Kramer Robertson fielded the ball cleanly behind second base, spun and threw to his new (and shorter) first baseman, Bryce Jordan, in the third inning of Friday’s 12-1 victory against Fordham at Alex Box Stadium.

The ball sailed so high that Jordan — or any other infielder on the LSU roster, for that matter — had no chance to corral it. No. 9 hitter Jason Lundy advanced to second on the throw, which landed in the LSU dugout, turning the Fordham lineup over in what was then a scoreless game.

When he was named the Tigers new shortstop Tuesday, Robertson’s blunt assessment of his new duties — “just throw and catch it” — was followed with the caveat that he knew he’d likely make more errors.

Robertson’s promotion came after he had demonstrated a heightened maturity and poise to coach Paul Mainieri. In his last two seasons, Robertson carried his miscues with him, often worrying more about how they affected his status on the team rather than what he could do to compensate.

“His ability to put bad things behind him, not pout, not feel sorry for himself and start to lose confidence — all that stuff is part of maturing,” Mainieri said. “After he made that error, he came back and did some good stuff.”

After a fourth inning in which his team took a four-run lead on the back of Mike Papierski’s 414-foot homer, Robertson ranged into left field, sliding to stab Ryan McNally’s single that rolled through the six-hole.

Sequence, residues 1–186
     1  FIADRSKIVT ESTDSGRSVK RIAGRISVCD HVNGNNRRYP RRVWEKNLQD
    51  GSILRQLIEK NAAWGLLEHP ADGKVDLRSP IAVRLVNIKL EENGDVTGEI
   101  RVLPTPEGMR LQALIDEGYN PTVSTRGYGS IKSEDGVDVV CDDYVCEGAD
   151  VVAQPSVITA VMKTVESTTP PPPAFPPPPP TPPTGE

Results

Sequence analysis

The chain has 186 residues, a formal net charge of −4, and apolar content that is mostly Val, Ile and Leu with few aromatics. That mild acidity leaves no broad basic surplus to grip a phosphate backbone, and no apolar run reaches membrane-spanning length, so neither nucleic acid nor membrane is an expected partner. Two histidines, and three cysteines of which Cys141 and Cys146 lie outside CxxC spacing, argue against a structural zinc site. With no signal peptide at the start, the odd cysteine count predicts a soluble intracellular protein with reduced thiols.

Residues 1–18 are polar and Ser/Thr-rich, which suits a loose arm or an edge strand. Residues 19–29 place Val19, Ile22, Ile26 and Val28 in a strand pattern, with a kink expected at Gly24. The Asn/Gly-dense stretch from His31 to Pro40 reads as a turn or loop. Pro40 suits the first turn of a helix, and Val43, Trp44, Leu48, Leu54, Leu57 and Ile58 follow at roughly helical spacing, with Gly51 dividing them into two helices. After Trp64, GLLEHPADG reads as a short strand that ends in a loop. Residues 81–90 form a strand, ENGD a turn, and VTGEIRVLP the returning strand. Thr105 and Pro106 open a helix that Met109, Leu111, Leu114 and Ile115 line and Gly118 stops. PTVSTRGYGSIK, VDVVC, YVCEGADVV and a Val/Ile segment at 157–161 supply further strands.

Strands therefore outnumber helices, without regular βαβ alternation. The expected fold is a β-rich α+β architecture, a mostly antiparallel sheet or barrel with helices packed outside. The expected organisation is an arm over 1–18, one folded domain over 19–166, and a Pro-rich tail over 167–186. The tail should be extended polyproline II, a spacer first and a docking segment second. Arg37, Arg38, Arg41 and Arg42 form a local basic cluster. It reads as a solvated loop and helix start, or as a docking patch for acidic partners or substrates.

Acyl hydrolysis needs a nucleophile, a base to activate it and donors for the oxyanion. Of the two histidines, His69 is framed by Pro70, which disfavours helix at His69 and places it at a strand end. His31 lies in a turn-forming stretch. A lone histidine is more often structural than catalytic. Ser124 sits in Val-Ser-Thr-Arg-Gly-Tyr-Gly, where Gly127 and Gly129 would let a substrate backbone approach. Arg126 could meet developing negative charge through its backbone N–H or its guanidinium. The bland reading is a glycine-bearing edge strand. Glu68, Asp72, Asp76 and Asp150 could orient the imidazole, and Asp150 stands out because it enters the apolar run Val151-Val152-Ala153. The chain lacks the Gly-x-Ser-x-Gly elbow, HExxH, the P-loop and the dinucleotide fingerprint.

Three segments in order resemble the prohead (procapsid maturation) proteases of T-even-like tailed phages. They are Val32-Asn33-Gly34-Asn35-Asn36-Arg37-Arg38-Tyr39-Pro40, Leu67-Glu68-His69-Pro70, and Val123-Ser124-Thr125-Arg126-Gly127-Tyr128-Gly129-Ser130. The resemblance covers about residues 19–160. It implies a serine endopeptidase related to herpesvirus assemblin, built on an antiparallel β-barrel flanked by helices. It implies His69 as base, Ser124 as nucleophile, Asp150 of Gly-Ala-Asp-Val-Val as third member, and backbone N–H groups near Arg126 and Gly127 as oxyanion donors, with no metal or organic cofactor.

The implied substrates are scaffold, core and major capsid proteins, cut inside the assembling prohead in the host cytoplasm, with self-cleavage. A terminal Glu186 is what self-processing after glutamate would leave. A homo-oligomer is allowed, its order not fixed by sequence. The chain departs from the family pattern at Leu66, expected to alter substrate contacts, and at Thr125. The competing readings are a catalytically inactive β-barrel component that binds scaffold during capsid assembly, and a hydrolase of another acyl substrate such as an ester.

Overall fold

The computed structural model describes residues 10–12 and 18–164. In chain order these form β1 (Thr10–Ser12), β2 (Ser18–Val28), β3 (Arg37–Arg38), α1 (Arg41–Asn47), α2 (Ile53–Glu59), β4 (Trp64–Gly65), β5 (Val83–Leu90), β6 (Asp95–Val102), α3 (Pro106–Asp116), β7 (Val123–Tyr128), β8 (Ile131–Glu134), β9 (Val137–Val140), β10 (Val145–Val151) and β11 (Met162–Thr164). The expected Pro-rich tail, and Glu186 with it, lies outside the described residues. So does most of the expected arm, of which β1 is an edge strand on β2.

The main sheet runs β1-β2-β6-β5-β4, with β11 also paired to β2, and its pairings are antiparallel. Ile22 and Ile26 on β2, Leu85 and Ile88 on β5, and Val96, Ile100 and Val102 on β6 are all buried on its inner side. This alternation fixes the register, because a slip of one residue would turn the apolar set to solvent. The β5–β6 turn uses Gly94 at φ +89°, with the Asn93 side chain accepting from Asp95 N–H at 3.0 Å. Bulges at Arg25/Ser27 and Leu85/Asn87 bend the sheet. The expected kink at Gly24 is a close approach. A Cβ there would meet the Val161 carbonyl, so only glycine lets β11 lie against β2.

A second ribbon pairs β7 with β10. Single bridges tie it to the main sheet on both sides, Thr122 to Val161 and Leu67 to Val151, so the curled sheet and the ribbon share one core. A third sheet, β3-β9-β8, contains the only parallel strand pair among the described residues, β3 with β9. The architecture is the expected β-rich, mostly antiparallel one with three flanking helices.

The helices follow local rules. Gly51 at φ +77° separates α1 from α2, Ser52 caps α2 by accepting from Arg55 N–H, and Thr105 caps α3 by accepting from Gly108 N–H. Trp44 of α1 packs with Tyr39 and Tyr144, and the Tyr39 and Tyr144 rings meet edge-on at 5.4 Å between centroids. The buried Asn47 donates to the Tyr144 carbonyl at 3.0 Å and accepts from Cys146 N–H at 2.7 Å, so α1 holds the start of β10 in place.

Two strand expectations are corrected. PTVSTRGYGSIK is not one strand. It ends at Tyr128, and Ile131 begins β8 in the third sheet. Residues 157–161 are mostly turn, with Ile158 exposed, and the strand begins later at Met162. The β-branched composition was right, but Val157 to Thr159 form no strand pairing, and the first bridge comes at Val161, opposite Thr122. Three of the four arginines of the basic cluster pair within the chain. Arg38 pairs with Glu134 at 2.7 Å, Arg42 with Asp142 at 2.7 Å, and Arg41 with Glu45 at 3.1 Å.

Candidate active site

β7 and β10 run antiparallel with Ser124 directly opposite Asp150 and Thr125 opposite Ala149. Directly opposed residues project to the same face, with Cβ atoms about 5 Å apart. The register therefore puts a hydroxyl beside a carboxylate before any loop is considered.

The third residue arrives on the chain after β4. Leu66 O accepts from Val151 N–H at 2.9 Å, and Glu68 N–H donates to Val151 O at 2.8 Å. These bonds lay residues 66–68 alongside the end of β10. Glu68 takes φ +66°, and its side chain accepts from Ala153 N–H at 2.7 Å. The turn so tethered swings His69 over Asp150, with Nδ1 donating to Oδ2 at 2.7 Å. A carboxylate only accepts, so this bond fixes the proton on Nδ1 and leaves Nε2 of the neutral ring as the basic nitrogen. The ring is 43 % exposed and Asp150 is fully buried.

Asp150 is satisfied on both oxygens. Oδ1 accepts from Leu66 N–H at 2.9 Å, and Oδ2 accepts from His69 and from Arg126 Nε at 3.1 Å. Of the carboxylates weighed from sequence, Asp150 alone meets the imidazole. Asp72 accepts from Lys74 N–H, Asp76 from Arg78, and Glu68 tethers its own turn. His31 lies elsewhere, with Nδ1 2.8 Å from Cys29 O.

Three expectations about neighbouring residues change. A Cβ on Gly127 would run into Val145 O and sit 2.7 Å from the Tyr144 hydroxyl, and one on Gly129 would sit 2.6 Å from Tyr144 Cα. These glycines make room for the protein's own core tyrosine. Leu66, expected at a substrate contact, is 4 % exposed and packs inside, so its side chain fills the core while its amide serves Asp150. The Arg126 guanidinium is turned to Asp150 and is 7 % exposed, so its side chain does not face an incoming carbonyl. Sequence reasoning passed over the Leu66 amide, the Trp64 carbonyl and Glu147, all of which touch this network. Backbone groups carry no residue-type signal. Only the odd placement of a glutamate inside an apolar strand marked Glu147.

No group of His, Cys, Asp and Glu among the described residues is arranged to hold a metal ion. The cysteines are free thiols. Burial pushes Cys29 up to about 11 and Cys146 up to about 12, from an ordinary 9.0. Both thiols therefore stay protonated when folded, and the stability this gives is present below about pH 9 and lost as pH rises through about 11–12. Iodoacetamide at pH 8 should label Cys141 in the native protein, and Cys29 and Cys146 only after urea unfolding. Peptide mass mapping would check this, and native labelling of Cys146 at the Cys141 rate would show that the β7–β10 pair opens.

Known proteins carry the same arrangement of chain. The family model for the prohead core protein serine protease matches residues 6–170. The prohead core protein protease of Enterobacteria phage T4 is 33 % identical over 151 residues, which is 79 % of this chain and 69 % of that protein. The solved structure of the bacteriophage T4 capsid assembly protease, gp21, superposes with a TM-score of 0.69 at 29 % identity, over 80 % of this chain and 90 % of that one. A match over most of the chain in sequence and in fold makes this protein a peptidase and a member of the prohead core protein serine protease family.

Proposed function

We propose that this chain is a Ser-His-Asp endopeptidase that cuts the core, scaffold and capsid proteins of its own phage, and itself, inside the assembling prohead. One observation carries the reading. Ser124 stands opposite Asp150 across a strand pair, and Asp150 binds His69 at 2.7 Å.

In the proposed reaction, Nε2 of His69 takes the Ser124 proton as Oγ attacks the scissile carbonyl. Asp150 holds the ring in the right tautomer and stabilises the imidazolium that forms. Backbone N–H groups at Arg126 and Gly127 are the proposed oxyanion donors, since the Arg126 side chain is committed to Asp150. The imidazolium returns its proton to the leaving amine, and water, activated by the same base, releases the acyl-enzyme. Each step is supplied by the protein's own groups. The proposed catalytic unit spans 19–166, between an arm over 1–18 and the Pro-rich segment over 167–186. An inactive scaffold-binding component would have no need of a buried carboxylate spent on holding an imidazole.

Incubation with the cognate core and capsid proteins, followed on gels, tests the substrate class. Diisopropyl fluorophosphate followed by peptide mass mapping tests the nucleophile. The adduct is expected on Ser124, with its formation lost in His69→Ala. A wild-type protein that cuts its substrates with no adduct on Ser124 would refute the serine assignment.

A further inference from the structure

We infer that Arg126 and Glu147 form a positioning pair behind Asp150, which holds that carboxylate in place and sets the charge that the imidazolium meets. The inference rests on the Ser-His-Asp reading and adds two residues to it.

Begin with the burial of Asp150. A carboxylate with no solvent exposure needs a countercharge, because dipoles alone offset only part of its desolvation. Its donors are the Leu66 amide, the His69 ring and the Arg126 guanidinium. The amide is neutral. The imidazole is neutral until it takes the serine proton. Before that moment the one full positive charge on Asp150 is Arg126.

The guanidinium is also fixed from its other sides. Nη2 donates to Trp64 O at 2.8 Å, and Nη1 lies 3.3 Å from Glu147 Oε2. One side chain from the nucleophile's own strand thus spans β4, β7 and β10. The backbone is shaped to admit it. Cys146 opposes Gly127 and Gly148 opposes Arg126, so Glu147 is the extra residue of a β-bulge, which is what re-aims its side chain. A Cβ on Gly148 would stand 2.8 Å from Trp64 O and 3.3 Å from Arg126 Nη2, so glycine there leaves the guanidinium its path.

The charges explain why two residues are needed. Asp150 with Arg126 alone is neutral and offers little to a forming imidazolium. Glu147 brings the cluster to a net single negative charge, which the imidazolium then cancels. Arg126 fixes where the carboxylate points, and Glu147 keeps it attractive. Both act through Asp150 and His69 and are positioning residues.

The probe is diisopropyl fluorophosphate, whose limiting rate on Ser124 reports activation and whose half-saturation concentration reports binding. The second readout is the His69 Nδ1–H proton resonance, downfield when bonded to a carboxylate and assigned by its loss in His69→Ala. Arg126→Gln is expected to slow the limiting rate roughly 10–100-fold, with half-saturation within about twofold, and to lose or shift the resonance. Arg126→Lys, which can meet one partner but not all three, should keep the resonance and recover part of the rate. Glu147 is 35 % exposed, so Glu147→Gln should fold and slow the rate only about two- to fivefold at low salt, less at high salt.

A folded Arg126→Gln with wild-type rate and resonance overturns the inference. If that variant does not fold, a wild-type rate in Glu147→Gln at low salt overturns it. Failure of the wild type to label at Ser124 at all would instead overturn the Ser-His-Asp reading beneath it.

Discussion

He collected the ball with his left arm fully extended, popping up as Joseph Runco raced home.

Robertson rocketed a throw to Papierski, who caught it just in front of the plate and adjusted to tag Runco for the inning’s third out, keeping the game scoreless and putting to rest the errant throw from the third.

“It shows a lot of maturity to come back after that and make every play after that and have some good at-bats for us,” Robertson said. “That’s what you need in a shortstop, you’ve got to have a short memory and erase the mistakes you make because there’s going to be a bigger play later in the game.”

It was one of two gems for LSU’s double-play duo.

With a runner at first in the sixth, Cole Freeman ranged behind second base to nab Justin Bardwell’s high chopper, rolling the ball from his stomach to Robertson, who stepped on second to force out Matthew Kozuch for the second out.

“My glove went behind me, and I could feel the ball was actually sliding out of my glove and my hand was just behind me,” Freeman said. “I was like, ‘I need to get it over to second somehow.’ I tried to flip it up. Kramer did a good job of staying on the bag.”

The inning ended with a grounder to the pitcher and without a run crossing the plate, preserving Jared Poché’s seven-inning shutout. He skirted around eight hits and left runners in scoring position in three innings.

In all, the Rams stranded 13 runners.

“Just executing pitches, not trying to overthrow,” Poché said. “Definitely got in trouble with that in the past and tried to locate better instead of trying to overpower a guy. (I) let the defense work. They played great tonight.”

Papierski’s homer came off the bat at 100.7 mph, stinging Fordham starter Greg Weissert, whom Mainieri projected could go in the first five rounds of the June MLB draft. Weissert threw 43 pitches through his first two innings before serving the 2-0 fastball to Papierski.

“Me and (LSU hitting coach) Andy (Cannizaro) worked in the cages yesterday, and we fixed a couple things to my hands and how I started,” Papierski said. “I felt good up there and more comfortable than before.”

Chris Reid, inserted in the fifth inning for O’Neal Lochridge, collected his first collegiate hit — an RBI single as part of a five-run sixth inning that featured three walks and a three-run error from Fordham right fielder Mark Donadio, who dropped Antoine Duplantis’ routine fly ball with the bases loaded.

Follow Chandler Rome on Twitter, @Chandler_Rome.